So, where are all those Grand County property taxes going, anyway? |

So, where are all those Grand County property taxes going, anyway?

Property taxes are going up in much of Grand County, and for some, it’s an uncomfortable jump from last year to this year.

But when the check is written and put into the mail box, where is the money really going?

In the 2007 Grand County Abstract of Assessment, schools, the county and special districts demand the most out of property taxes.

Grand County saw a 31.7 percent increase in property tax revenue over last year, with a mill levy holding strong at 15.155.

That equates to $2.8 million added revenue from last year to this year.

According to County Manager Lurline Underbrink Curran, part of that revenue is intended to build back fund balances expended to stabilize the landfill, which cost the county $4 million last year. And the cost of county services in a region that is growing by leaps and bounds is not going down, she said.

Property taxes, which are a portion of the county’s overall revenues, pay for the rising cost of roads, equipment, and employees. EMS is paid for through property taxes, something the citizens of Grand County agreed to support in 2003, when an added 2 mills brought the mill levy to its current level. Property taxes also support operations such as the Sheriff’s Office, county nursing services, natural resources and various other departments.

And the revenues could pay for a $1 million annual payment on the lease-purchase of the new 36,000 square-foot judicial building, she said.

As far as the renovation on the existing building, the county is erring on the conservative side. It has decided to not add another level on the building, but improve all county offices. Social Services will remain a neighbor to county offices, and the building department will move into the existing building after large-scale renovation is complete.

Grand County, as well as all Colorado government institutions, was affected by the 1992 passage of the taxpayers Bill of Rights (TABOR). The amendment placed tax and spending limitations on government agencies in Colorado.

But Grand County voters elected to “de-Bruce” the county in a ballot issue passed in November 1996. The ballot issue exempted the county from having to comply with the revenue limits of TABOR, and has been in effect since 1997.

That means the county is not required to ratchet down its mill levy when the county’s assessed value increases.

Neither are most school districts, and now, even the metropolitan recreation district in Fraser. In fact, many districts in the county are no longer controlled by TABOR.

The West Grand School District nearly doubled its revenue in 2007, going to more than $4 million compared with $2.8 million in 2006, according to the assessment abstract.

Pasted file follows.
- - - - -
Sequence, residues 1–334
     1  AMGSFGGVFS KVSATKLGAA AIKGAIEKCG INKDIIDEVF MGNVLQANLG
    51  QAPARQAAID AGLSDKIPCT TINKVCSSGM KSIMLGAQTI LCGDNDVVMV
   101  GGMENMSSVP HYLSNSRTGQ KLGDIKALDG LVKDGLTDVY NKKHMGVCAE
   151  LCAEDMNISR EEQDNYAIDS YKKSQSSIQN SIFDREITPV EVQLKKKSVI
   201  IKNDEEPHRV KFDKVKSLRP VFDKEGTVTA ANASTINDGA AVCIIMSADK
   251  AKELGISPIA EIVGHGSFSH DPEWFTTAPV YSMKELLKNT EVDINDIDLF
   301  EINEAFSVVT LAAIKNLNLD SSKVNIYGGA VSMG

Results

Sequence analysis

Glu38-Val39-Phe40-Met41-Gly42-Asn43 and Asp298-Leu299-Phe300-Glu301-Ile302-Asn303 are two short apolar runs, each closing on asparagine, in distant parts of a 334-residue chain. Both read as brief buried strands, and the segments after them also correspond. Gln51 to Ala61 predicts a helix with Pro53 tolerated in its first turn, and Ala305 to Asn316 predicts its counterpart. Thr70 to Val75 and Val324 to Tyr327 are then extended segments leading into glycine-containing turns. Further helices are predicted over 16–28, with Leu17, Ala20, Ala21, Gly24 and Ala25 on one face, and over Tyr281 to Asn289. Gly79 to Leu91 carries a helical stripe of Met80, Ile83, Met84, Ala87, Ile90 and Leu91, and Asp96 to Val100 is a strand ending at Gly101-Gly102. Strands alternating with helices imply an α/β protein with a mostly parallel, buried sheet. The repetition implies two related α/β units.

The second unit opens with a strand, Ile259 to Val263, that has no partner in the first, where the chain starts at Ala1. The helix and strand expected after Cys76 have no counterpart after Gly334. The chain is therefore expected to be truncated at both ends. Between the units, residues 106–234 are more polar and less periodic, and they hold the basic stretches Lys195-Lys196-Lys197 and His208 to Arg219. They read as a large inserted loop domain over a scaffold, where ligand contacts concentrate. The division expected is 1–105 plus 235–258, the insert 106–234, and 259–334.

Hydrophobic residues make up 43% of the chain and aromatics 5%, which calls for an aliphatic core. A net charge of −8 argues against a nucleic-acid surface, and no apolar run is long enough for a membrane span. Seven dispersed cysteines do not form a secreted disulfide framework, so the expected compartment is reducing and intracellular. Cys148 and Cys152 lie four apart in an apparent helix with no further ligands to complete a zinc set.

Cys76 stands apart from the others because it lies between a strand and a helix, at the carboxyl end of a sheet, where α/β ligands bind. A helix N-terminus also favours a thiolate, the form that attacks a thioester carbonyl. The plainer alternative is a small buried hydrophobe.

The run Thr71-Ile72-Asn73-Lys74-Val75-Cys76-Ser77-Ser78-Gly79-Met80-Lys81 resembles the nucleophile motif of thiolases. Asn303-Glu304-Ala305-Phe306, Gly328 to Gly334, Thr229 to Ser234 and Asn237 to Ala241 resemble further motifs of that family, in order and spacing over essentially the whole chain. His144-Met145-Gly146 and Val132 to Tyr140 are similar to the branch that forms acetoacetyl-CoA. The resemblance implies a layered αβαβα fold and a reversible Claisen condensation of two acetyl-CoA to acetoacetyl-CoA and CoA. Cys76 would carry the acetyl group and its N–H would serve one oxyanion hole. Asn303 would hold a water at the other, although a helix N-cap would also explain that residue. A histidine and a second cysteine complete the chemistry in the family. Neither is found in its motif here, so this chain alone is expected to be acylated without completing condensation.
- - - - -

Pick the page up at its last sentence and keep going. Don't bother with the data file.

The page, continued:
But the district also lowered its mill levy from 29.983 to 23.673.

County Assessor Tom Weydert attributes West Grand’s positive revenues this year to the mining industry. The Henderson Mine and Mill valuation assessment went up roughly 22 percent due to the international demand for molybdenum.

The Kremmling Fire Protection district also lowered its mill levy from 10.182 to 9.652, yet still saw a property tax revenue increase of $15,275 over 2006.

The Kremmling Memorial Hospital District also lowered its mills, from 7.91 to 4.471, but remained neutral with $1,000 in added revenue.

East Grand School District’s mill levy went up, from 20.443 in 2006 to 20.773 2007, and the district saw a revenue increase of $2.7 million. The state passed a law last year allowing school districts to freeze their mill levies, and voters approved an $18 million school building bond issue last November.

Then there are special districts, including fire protection, recreation, library, water and sanitation, water conservation and soil conservation.

Some community developments with metropolitan districts have levies set as high as 55 mills to pay for infrastructure.

Voters passed a Fraser Metropolitan Recreation District bond issue last November, raising its mill levy by more than 290 percent, which boosted revenues from $588,509 to about $2 million. The money will be used to begin paying off bonds used to finance construction of a recreation center and various improvements around the district.

And the towns all showed an increase in revenue over last year. Most dropped their mill levy, such as in Fraser, Grand Lake, Kremmling and Winter Park. Granby and Hot Sulphur Springs left it the same as in 2006.

Voters elected to raise the Hot Sulphur Springs/Parshall Fire Protection District mill levy in November, all others either dropped their mill levy or kept it the same.

All fire protection districts showed an increase in property tax revenues, though the Grand, Grand Lake and Kremmling districts lowered their mill levies.

” Tonya Bina can be reached at 887-3334 ext. 19603 or e-mail

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